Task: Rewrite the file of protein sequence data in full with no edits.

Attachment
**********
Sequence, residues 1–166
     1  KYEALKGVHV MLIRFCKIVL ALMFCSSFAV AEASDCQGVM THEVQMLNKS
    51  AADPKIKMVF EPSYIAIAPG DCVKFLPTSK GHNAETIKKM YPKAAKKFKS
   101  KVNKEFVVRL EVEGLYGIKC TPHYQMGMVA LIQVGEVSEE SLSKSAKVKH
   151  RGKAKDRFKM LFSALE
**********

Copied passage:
Sequence, residues 1–166
     1  KYEALKGVHV MLIRFCKIVL ALMFCSSFAV AEASDCQGVM THEVQMLNKS
    51  AADPKIKMVF EPSYIAIAPG DCVKFLPTSK GHNAETIKKM YPKAAKKFKS
   101  KVNKEFVVRL EVEGLYGIKC TPHYQMGMVA LIQVGEVSEE SLSKSAKVKH
   151  RGKAKDRFKM LFSALE